Researchers say fish and marine omega-3s have “no clear protective effect” against RA.
A diet rich in seafood — including things such as fish oil and krill supplements — has long been touted for people with rheumatoid arthritis (RA) and similar inflammatory conditions.
Many doctors recommend a diet heavy in fish, or even specific dietary plans such as the Mediterranean diet, for rheumatoid arthritis.
But a recent study in the medical journal BMC Musculoskeletal Disorders says otherwise.
Researchers say that increased dietary intake of fish and marine omega-3 fatty acids doesn’t necessarily have a correlated preventive or protective implication against the effects of RA.
The study used two cohorts of female participants, during which the researchers looked at intake of fish in the diet. These cohorts were made up of 166,013 women.
This was cataloged via food frequency questionnaires first at an initial baseline and then again every four years thereafter.
The scientists leading the study used this information in collaboration with medical record reviews in order to determine the presence and incidence of RA, including symptoms and the serologic status of RA, which is measured through labs and blood draws.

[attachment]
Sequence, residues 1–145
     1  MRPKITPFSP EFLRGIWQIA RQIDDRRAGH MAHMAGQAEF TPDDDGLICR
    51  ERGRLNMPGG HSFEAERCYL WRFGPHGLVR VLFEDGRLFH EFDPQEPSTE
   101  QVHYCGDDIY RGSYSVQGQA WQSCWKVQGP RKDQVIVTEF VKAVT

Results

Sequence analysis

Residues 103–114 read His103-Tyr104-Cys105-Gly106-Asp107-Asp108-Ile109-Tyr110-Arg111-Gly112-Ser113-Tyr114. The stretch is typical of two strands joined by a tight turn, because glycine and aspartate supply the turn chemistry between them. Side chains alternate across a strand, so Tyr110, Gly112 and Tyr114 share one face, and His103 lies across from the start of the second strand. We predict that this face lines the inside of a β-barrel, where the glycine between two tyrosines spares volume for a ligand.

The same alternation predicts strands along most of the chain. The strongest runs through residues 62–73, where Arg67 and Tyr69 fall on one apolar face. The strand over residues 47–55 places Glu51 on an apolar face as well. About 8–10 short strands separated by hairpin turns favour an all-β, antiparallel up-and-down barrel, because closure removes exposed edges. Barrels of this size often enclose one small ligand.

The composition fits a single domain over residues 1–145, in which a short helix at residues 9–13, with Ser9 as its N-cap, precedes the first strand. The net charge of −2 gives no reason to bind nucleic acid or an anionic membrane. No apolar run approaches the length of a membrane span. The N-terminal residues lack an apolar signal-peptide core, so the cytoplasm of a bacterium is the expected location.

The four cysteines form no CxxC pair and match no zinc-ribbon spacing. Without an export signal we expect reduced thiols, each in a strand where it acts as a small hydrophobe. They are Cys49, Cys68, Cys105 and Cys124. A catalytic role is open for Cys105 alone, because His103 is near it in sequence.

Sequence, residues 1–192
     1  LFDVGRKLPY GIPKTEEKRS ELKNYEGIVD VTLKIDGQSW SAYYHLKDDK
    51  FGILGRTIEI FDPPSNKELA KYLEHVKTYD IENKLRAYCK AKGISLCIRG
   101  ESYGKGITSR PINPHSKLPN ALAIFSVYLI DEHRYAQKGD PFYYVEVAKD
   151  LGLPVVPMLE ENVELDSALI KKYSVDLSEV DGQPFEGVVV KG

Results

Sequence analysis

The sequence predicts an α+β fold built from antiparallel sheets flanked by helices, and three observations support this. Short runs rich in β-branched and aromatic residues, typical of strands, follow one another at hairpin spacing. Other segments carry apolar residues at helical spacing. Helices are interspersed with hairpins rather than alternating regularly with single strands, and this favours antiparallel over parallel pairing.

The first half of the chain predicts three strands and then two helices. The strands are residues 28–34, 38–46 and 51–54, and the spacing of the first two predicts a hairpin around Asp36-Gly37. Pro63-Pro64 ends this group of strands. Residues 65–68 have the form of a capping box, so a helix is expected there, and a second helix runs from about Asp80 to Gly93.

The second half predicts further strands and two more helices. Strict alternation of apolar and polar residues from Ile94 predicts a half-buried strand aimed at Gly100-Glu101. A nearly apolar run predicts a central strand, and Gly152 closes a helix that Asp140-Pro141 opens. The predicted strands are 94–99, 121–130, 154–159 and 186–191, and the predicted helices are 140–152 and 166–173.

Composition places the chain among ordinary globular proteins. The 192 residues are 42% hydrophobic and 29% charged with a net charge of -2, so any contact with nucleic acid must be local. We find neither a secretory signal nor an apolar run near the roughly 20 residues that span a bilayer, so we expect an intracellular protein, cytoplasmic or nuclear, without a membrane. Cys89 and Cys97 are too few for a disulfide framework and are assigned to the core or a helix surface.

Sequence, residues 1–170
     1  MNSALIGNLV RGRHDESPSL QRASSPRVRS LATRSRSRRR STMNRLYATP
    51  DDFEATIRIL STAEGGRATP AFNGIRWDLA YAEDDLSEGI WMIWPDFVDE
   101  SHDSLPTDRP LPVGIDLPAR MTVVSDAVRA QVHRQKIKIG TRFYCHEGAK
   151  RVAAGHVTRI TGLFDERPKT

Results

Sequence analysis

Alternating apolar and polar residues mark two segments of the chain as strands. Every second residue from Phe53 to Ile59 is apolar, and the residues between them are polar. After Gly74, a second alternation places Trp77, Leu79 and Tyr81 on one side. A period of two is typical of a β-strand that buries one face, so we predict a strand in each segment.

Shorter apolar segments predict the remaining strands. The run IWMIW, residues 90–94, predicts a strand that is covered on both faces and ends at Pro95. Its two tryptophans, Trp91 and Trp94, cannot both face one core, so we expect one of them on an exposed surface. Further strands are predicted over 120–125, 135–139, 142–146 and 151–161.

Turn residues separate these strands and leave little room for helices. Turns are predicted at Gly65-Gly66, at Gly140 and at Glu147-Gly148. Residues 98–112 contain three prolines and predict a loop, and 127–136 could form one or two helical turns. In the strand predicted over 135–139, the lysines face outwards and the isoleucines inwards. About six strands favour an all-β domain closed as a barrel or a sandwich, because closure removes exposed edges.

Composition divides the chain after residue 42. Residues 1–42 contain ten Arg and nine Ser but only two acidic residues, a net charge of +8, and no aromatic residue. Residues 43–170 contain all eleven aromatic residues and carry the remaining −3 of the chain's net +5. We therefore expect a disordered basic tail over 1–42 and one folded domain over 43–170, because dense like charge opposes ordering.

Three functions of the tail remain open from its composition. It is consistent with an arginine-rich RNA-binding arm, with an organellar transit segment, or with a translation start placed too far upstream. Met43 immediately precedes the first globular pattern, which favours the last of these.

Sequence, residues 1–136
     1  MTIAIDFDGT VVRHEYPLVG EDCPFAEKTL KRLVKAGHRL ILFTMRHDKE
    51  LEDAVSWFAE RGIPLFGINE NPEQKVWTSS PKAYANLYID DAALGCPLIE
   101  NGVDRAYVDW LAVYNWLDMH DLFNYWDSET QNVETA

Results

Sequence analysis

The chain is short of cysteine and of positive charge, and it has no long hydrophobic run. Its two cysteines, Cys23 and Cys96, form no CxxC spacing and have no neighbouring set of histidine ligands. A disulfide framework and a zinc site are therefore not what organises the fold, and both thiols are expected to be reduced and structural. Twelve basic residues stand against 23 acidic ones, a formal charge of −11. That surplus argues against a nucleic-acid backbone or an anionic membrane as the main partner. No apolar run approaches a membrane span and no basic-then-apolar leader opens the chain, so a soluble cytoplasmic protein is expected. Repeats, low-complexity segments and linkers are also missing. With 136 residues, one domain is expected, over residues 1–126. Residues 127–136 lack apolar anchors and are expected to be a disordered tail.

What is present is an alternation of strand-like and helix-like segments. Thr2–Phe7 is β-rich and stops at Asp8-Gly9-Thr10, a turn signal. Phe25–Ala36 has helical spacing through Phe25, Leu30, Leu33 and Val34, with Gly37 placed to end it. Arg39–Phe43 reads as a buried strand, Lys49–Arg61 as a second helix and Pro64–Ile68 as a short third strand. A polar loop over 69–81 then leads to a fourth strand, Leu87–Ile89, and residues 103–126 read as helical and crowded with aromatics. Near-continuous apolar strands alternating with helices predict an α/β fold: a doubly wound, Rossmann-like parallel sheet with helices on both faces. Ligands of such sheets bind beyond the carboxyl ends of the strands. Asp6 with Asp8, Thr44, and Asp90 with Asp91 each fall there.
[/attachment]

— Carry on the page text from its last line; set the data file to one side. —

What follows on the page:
“Prior studies suggest that fish may be protective for rheumatoid arthritis risk perhaps through the anti-inflammatory effect of omega-3 fatty acid, but this relationship has not been clearly established,” the researchers wrote. “Therefore, we investigated fish intake and RA risk by serologic status, age of onset, and smoking using a prospective cohort study with large sample size, repeated measures of dietary intake, and lengthy follow-up.”
During their follow-up, they identified 1,080 RA cases that indicated that an increased fish intake wasn’t, in fact, necessarily associated with all RA cases. The researchers wrote that there was “no clear protective effect” of fish and marine omega-3s against RA.
These researchers also looked at the potential relationship or interactions between fish intake, RA, and smoking.